Sunday, November 26, 2017

Sunday Morning Links

This and that for your Sunday reading.

- Ed Broadbent discusses how Bernie Sanders offers an example to emulate - and in some cases a source of ideas well beyond what Canada has implemented so far:
It was clear to everyone watching that Canadians, in fact,  have a few things to learn from Bernie Sanders. His speech was significant for two reasons.

First, he is an unapologetic social democrat who has inspired a whole new generation of voters with those values in a country where hyper-capitalism is king. The enthusiasm he has generated has carried over to young people here in Canada and around the world.

Second, Bernie urged us to keep on fighting, to maintain and improve our healthcare system. He knows Canadian healthcare is under constant threat not just from right-wing forces, but also from complacency. He told the audience to “speak loudly” about the virtues of universal healthcare, because our public system not only needs to be protected, but urgently needs to be expanded.  

Social democracy transformed politics in the post-World War II era. We provided a political framework based on the belief that markets should be regulated and put in the service of social aims, and that high levels of social and economic rights like pensions, healthcare, and employment insurance should be available to all. These policies and programs lifted tens of millions in Europe and North America out of poverty.

It was our generation of social democrats, and that of our parents, that fought for such government investments in the common good, the protection not only of political and civil rights, but also of social, and economic rights – these were the original Game Changers. Thanks to successful struggles here in Canada, crucial social programs are now at the heart of our identity - Medicare, the Canada Pension Plan, and accessible post-secondary education. All of these had their origin in the egalitarian philosophy of social democracy.

As a lifelong social democrat, I am deeply troubled by rising inequality and the emergence of far-right political extremism today. I came of age believing that such things were relics of the past. Sadly, we are witnessing their growth once again.  As in the 1920s, economic insecurity and severe income inequality are sowing the seeds of division and resentment.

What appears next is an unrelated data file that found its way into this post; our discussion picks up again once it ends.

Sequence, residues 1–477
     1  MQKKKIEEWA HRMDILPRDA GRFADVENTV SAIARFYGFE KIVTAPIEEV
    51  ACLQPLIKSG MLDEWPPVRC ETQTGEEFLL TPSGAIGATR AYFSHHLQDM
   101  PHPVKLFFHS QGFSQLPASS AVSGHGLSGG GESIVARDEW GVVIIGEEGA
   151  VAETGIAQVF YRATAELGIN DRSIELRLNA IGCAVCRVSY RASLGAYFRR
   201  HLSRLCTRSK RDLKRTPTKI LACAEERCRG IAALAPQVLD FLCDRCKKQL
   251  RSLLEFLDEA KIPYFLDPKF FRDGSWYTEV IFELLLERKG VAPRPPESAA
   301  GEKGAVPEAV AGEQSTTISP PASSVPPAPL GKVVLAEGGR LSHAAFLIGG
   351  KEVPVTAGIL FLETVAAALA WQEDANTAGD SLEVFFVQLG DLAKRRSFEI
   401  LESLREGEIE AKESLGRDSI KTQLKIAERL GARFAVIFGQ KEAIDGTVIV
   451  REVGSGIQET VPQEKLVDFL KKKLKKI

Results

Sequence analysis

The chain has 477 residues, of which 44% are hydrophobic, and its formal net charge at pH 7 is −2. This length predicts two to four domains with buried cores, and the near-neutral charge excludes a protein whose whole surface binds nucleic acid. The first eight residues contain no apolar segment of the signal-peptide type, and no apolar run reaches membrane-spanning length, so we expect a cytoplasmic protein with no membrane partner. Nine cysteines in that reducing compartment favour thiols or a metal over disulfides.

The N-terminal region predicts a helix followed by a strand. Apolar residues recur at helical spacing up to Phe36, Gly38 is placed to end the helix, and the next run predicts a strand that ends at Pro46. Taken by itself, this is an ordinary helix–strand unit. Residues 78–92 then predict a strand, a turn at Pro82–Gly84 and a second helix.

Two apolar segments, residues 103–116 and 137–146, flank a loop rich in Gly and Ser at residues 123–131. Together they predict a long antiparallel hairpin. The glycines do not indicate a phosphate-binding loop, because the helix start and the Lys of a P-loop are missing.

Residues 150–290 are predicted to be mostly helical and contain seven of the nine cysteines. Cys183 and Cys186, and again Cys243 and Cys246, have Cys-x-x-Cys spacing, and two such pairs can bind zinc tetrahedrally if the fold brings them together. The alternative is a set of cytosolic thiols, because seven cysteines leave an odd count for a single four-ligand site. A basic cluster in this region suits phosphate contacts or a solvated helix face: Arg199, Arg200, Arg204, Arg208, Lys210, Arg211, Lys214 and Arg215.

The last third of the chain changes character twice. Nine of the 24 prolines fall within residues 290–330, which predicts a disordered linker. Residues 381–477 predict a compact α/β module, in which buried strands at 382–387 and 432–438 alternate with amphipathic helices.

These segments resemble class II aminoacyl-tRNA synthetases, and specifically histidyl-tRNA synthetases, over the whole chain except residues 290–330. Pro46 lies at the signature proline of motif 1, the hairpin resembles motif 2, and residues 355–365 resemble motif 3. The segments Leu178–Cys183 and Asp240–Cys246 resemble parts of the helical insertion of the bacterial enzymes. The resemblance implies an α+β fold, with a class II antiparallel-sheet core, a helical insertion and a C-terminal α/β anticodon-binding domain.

It’s our responsibility to stand up to the right-wing politicians. We must show Canadians that we can solve our social and economic problems, not by the politics of division and exclusion, but by banding together and taking on directly the cause of our political and economic inequalities. 
- Nils Pratley comments on a shift toward the nationalization of services after people experience the inferior quality and higher cost of privatization, with a particular focus on the offshoring and environmental damage by Thames Water.

- Lana Payne highlights the fact that governments could build far more at a lower cost by financing projects directly rather than looking for excuses to enrich third parties. And Keith Schneider points out the failure of the megaproject model for infrastructure.

- Trevor Hancock writes that urban sprawl is an important public health issue, but one which is a long way from being meaningfully addressed.

- Finally, Andrew Nikiforuk examines British Columbia's massive methane emissions - and how they were covered up by the responsible regulator under the Clark Libs. And Sarah Cox notes that the province lacks many kinds of environmental data to make informed decisions about the risks to its water supplies.

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